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Keith Burke, Automated Service Plan Project Manager
Start a Russian-Alaska Native corporation joint venture to provide oil-industry support services, be the CEO of an oil support services and construction company in Alaska, work as a business process consultant in upstate New York…
A typical social services resume, right?
Maybe not, but Keith Burke’s background made him the ideal candidate to supervise development of SDS’s new online automated service plan and provider portal, said Duane Mayes, SDS division director.
“I’ve been in project management my whole life,” Burke said, so when he was looking to come home to Alaska after the New York consulting gig, the job description on Workplace Alaska caught his eye.
“I’m really excited about this project,” Burke said. “Everyone associated with the Medicaid waiver process – SDS staff, providers, users – everyone’s going to benefit from improved information technology.”
Burke said his favorite part of his new job is how the whole team at SDS is enthusiastic about providing a better service to the end user. “Everyone’s pulling the rope in the same direction.”
The contract award process is underway, and Burke hopes to see the project wrapped up within two years.
Fun fact: Burke first came to Alaska for a job on the trans-Alaska oil pipeline. He rolled into Fairbanks at 60 below in ice fog so thick he could barely see the hood ornament on the front of the car he was in.
Favorite food? Alaska king salmon on the barbecue.
Whether it’s providing technical assistance to a provider, troubleshooting with a recipient about services, or investigating suspected fraud, Lynne Keilman-Cruz’s job is all about making sure “the right person gets the right service at the right time.”
Keilman-Cruz was recently promoted to chief of quality assurance for the division, from manager of SDS’s Quality Assurance unit. She now supervises the quality assurance, research & analysis, operations & integrity, and provider certification & compliance units.
Together, the units track and analyze performance measures, which give SDS managers the data they need to make evidence-based policy decisions, Keilman-Cruz said.
Another important part of her position is to create efficiencies by partnering with other state agencies, such as DHSS’ Health Care Services division and Department of Law’s Medicaid Fraud Control Unit.
“We can serve people better” when agencies work together and pool limited resources, Keilman-Cruz said.
Keilman-Cruz has a bachelor’s in recreational therapy and is nationally certified in health care quality.
Little-known fact: “I started 30 years ago at the Pioneer Home in Sitka,” Keilman-Cruz said. She worked as a recreational therapist there, with community mental health, at the now-defunct Harborview, at Alaska Psychiatric Institute, and for a consulting company.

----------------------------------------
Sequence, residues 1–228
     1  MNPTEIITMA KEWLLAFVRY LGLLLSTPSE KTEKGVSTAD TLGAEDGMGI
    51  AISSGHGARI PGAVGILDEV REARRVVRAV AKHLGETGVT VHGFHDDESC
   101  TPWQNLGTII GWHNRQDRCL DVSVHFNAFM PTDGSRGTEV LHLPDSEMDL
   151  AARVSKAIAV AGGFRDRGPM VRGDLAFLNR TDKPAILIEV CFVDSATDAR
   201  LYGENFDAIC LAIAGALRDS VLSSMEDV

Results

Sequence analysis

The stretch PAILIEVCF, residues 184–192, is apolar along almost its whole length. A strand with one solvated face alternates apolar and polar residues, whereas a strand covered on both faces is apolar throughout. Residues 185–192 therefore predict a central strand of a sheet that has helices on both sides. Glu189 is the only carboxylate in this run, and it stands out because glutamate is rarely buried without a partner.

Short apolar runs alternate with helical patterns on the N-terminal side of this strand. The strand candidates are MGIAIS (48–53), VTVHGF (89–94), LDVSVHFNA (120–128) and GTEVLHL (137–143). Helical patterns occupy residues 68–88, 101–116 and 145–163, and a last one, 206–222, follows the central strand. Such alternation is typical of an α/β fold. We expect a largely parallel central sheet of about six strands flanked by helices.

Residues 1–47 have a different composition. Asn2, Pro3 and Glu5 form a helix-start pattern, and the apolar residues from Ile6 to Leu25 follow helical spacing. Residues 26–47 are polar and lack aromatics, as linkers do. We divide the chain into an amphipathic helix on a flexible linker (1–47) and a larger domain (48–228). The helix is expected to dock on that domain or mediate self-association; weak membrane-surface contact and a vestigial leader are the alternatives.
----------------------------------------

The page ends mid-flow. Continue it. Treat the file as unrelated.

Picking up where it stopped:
Fun fact: Keilman-Cruz is an avid soccer player.
Favorite food? Anything Thai.
Jessica Bogard manages the millions of state and federal dollars — $60 million, give or take — in SDS’ operating and capital budget. She also works closely with DHSS Finance and Management Services, which oversees the funds that go to SDS’ partner providers — $300 million last fiscal year.
That means she has to make sure SDS follows the usage rules for each funding source… and she said she’s happy to help her fellow employees get it right.
“I’m the person who requires the form, but I’m also the person who can help with the form,” Bogard said.
Her varied background keeps her looking at requests and rules from multiple perspectives. Bogard has a master’s in communication specializing in Alaska Native/American Indian health campaigns with an emphasis in prevention, and is a Ph.D. candidate. Her work experience ranges from being the treasurer of a nonprofit in California, to being a communications professor in Oklahoma, to being an overpayment tracking specialist for CalPERS, the California Public Employee Retirement System.
Bogard joined SDS as a research analyst in mid-2012 before her promotion this past summer. Bogard, who grew up in Anchorage, said she’s enjoying Juneau and the responsibilities of her new job.
“I truly believe in what we do. Part of that is, it’s not our money, it’s Alaskans’ money, it’s federal money. We’re stewards of the program.”
That philosophy matches the department-wide focus on asking whether its programs are making a significant difference in people’s lives.
“The whole department is moving to research-based performance measures,” Bogard said. She said she keeps the people behind the data in mind as she does her job.
“The numbers on my desk are never just numbers.”
Least favorite part of her job? “Having to tell people no.”
Favorite part of her job? “Helping people.”
Favorite food? Chocolate.